Why the Irish don't like the British: historical reasons

History 2023

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Why the Irish don't like the British: historical reasons
Why the Irish don't like the British: historical reasons

Why don't the Irish like the British? Those who know at least a little the history of these two countries understand that the inhabitants of the Emerald Isle have plenty of reasons to hate their neighbors. It is believed that the conquest of Ireland by England served as mutual intolerance. The entire history of mankind consists of the conquest of some countries by others, but no nation has such hostility towards its neighbors.

Why do the Irish hate the English?

A bit of history

It is believed that the island has been inhabited by people for more than 7 thousand years. The mild climate contributed to this. The modern population of Ireland is the descendants of the ancient people from the Black Sea and the Mediterranean, who forced out the ancient inhabitants of the island.

In VI BC. e. the Celts invaded here, conquered the territories of Ireland and Britain, and assimilated the local population. It is they who form the foundation on which the language and culture of the Irish are based.

The English are the descendants of the ancient Germans,Saxons, Jutes and Frisians, who displaced the Celtic population of Britain. Already in this one can see a distant contradiction between the two peoples, but it is not the real reason why the Irish do not like the English.

Eight hundred years of resistance

In the XII century, the conquest of Ireland began, at that time part of the island was annexed to the English crown. Among the Irish, tribal (clan) relations were preserved. England was already a feudal state. All fertile lands belonging to the clans became the property of the English barons. Free islanders fell into vassal dependence on them. The level of development of the conquered regions was strikingly different from the free territory.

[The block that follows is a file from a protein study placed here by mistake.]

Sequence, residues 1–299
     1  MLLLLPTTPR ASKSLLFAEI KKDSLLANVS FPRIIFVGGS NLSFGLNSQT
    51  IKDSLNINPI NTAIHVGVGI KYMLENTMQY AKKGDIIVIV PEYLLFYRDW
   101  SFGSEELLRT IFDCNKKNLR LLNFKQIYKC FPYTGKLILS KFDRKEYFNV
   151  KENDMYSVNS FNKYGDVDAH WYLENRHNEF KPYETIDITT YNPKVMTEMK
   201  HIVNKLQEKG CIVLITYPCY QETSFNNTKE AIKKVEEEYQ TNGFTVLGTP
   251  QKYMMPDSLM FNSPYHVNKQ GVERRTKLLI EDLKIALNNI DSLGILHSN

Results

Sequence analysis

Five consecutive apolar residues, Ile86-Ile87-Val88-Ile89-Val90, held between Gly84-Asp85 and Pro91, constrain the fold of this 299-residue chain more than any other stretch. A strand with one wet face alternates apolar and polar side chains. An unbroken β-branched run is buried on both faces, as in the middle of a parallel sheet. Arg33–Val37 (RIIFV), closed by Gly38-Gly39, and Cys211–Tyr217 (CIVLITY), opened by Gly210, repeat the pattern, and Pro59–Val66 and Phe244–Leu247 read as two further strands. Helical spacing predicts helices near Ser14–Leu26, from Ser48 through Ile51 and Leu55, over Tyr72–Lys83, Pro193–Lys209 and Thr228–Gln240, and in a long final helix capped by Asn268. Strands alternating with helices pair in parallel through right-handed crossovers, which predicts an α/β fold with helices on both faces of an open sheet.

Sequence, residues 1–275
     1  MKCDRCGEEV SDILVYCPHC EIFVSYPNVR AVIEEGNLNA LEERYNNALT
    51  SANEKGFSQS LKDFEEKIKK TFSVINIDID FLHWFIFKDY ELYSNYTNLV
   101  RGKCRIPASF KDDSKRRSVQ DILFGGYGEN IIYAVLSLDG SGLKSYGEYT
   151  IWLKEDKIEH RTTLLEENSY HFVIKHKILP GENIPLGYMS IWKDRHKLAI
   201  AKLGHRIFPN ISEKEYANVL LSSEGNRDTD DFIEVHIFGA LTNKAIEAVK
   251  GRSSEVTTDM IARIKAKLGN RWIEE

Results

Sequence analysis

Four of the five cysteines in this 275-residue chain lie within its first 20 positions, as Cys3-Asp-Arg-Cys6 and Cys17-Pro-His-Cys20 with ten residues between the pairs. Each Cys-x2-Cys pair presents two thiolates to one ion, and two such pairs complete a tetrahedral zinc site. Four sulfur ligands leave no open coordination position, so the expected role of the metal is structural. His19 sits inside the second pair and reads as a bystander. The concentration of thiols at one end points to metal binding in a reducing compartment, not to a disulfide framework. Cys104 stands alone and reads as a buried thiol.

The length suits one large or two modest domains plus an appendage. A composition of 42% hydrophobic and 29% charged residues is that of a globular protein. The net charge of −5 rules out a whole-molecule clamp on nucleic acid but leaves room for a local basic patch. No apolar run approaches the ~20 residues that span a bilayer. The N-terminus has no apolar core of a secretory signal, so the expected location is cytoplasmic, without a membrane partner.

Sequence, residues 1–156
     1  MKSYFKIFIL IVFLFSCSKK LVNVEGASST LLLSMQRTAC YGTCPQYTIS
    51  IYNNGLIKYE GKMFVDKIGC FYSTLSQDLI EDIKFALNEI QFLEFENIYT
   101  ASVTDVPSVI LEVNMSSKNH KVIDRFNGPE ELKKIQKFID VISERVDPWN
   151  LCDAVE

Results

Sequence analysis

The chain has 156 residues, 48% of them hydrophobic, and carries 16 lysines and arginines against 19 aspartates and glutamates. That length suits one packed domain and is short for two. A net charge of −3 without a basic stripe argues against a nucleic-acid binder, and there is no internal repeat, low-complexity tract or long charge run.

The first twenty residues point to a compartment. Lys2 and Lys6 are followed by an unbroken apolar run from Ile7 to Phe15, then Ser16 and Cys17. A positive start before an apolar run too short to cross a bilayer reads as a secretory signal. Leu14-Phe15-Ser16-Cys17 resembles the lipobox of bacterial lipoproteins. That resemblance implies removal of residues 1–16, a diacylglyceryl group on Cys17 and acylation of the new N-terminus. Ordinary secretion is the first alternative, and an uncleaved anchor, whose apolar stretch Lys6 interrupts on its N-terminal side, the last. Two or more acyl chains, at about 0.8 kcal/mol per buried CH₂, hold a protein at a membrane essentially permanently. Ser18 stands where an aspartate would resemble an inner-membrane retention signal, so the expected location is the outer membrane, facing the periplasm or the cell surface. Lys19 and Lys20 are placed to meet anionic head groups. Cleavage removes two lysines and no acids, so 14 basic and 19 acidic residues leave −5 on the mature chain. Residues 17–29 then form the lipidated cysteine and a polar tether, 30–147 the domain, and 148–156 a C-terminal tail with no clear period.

The main problem was clan fragmentation. What united the Irish was a single religion. The Reformation bypassed this country. The locals remained Catholics. This caused religious hatred between representatives of different faiths.

The British did not stop trying to conquer the whole of Ireland, but the local population desperately resisted. The worst was the invasion of Cromwell in 1649. Commanding an experienced army, he practically conquered all of Ireland. Having captured the cities of Drogheda and Wexford, he ordered in the first to kill all those who resisted, and Catholic priests, in the second, the massacre was committed without his order.

Thousands of people fled to the unoccupied territories, fleeing death. He handed over the rule of the island to General Ayrton, who continued the policy of extermination of the local population. From now on the Irish hateEnglish.

why do the irish hate the british

Extermination of the inhabitants of the Emerald Isle

For hundreds of years, Britain pursued a policy of genocide against the indigenous population. By the beginning of the 17th century, 1.5 million people lived on the island. By the end of the same century, there were just over 800,000, of which 150,000 were English and Scots. Many Irish, even those who did not take up arms, were sent to the Connacht region - a barren desert.

The "Settlement Act" was signed, according to which the deportees caught on another territory of the island were awaiting the death pen alty. These are the first reservations. The practice of segregation was subsequently applied by the British in all colonies. In North America, it led to the extermination of the indigenous people - the Indians.

Why do the Irish hate the British? The colonization of Ireland took monstrous forms of genocide along ethnic and religious lines. In 1691, he adopted the form of laws, according to which Catholics and Protestants who were not members of the Anglican Church were deprived of their civil rights - they could not vote, freely practice their religion, study, hold positions in the public service, and speak their native language. This led to the fact that the formed administrative elite consisted entirely of English and Scots. The Irish were an illiterate people until the twentieth century.

Irish-British conflict

British Nazism

From the beginning of the 15th century, there was a put forward version of the racial superiority of the Anglo-Saxons over the Irish, which in every possible waypromoted. The latter were compared with blacks and were considered subhuman. That's why the English don't like the Irish. The Statute of Kilkenny of 1367 strictly forbade marriages between Englishmen and Irishmen.